“Whereas” Book Review

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Things I (re)learned from Layli Long Soldier’s debut collection of poetry, Whereas:

  1. On Saturday, December 19, 2009, US President Barack Obama signed the Congressional Resolution of Apology to Native Americans. No tribal leaders or official representatives were present to receive the Apology. President Obama never read the apology aloud publicly.
  1. Reservations have a suicide rate ten times higher than the rest of the country.
  1. The Dakota 38 refers to thirty-eight Dakota men who were executed by hanging, under orders from President Abraham Lincoln. To date, this is the largest “legal” mass execution in US history. The hanging took place on December 26, 1862 – the day after Christmas and the same week that President Lincoln signed the Emancipation Proclamation.

This book of poetry is separated into two sections. Part 1: THESE BEING THE CONCERNS and Part 2: WHEREAS. There is no denying that Layli Long Soldier has a brilliant skill when it comes to language and structure. She plays the line between her Native tongue and English, treating grammar and syntax more like a suggestion than a rule of thumb.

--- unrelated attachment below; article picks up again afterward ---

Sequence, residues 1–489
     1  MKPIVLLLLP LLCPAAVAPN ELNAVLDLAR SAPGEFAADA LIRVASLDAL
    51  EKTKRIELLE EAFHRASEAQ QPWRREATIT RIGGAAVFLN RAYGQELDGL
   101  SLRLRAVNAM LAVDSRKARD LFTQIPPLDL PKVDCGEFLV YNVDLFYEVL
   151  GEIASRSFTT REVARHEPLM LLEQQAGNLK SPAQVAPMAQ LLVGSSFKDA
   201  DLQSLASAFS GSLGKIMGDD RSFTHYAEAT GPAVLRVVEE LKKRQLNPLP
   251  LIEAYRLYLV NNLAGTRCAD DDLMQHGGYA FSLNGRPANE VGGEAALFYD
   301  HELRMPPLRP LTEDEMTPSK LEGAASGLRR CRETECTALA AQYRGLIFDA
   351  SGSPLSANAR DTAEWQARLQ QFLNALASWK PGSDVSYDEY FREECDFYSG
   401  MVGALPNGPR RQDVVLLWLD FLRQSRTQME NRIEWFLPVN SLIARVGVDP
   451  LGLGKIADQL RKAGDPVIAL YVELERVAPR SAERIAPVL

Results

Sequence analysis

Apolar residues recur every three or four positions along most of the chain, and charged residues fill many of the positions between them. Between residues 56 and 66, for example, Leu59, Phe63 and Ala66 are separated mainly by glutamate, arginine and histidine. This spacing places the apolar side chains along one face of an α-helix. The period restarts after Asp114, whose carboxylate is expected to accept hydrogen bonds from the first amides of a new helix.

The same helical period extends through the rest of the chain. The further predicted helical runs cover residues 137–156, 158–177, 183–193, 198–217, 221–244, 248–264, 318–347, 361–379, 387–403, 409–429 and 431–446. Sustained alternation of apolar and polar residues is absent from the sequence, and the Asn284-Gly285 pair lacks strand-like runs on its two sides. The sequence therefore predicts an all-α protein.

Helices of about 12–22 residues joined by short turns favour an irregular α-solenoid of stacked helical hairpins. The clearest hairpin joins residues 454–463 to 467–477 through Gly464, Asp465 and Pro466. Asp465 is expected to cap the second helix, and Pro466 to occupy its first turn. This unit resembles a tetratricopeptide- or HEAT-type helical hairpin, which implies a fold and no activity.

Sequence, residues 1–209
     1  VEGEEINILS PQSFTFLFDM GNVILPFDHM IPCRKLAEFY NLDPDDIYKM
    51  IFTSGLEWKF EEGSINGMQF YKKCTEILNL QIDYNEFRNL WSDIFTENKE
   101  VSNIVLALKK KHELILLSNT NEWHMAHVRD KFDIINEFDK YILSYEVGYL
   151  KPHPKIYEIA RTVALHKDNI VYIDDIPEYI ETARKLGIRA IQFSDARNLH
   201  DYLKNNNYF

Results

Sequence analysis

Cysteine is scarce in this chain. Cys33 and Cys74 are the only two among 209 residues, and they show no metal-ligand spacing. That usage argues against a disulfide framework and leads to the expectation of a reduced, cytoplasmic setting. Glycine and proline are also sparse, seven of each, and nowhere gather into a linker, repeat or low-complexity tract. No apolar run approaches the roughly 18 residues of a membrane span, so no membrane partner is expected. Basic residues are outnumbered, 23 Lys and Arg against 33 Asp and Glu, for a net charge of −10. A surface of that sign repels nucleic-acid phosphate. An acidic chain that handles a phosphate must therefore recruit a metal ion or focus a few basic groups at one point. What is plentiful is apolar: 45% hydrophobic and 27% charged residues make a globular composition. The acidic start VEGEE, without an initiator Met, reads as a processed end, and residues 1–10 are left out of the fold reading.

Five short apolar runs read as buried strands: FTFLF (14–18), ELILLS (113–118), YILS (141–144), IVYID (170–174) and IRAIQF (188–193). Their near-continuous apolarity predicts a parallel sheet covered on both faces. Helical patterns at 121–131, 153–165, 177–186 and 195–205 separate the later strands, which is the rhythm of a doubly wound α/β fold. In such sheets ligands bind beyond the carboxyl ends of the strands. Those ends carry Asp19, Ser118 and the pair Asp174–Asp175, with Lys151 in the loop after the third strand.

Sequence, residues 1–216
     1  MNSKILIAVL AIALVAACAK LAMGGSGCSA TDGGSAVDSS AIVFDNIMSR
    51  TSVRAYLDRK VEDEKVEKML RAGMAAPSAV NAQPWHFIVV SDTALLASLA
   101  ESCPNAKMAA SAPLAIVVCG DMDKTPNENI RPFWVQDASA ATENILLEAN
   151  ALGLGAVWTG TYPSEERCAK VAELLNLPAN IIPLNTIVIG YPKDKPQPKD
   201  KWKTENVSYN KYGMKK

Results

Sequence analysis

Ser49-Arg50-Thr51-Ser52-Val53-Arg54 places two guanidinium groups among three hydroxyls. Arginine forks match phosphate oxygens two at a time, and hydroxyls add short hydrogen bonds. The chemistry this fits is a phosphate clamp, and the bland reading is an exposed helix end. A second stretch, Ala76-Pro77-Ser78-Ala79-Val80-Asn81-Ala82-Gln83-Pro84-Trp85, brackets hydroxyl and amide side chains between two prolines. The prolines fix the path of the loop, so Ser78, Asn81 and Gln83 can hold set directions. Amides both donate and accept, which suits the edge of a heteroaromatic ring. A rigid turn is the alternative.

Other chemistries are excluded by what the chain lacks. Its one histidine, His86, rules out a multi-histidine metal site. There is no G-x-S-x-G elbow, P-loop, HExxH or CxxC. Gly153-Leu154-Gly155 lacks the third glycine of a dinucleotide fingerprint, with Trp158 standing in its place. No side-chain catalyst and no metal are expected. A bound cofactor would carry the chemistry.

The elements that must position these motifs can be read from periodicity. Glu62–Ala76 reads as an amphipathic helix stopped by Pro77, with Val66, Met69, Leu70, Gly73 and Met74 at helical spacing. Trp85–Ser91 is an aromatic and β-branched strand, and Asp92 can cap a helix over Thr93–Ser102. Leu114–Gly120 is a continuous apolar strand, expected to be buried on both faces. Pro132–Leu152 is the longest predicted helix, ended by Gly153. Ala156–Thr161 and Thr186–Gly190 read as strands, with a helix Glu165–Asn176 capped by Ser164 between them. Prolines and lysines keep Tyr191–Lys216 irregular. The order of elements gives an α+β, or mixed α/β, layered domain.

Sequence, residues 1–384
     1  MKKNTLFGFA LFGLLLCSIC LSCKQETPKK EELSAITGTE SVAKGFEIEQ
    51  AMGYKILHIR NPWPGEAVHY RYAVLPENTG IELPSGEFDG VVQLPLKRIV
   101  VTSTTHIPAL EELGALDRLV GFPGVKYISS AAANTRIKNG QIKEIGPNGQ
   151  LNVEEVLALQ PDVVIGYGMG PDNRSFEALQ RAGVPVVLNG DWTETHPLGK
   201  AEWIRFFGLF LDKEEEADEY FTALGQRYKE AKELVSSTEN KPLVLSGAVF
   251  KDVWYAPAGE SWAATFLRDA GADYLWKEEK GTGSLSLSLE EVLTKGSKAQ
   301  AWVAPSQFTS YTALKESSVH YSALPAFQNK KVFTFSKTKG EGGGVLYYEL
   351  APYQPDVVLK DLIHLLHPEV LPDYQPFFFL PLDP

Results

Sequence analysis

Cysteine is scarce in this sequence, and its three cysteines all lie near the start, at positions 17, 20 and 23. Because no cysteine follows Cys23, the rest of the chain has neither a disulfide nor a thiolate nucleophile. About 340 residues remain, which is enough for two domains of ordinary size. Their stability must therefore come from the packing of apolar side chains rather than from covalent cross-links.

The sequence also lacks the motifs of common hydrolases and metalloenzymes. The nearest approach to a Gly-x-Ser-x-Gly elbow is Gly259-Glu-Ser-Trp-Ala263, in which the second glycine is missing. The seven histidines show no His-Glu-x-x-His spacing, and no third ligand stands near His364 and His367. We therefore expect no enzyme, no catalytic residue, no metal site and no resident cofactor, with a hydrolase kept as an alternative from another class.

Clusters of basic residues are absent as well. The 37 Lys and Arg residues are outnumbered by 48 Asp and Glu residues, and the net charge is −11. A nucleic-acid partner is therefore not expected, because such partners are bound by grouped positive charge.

With that said, I didn’t love the first section of Whereas. I think a lot of the material went over my head. I’m not sure if it was the use of Hopi and Dakota diction that I had no grasp or if my poetry palate just isn’t that sophisticated. Anyone who has difficulty appreciating modern poetry or has little experience with experimental poetry may feel the same way.

I did, on the other hand, get all the feels from reading the second part of the book.

Part 2 of Whereas was a lyrical indictment of the U.S. government’s sham of an apology in 2009. Layli talks about how in many native languages there is no word for “apologize” or “sorry.” There is, however, action that amends wrongdoing. This collection of work makes a strong political statement about the lack of action American government has taken in making reparations for the Indigenous people.

“The root of reparation is repair.”

I think that Layli has both the historical knowledge and literary skill to create a masterpiece. I’m kind of hoping that she ventures into the genre of memoir or essays so that she can shed some more light on the topics that I couldn’t grasp in this initial work.

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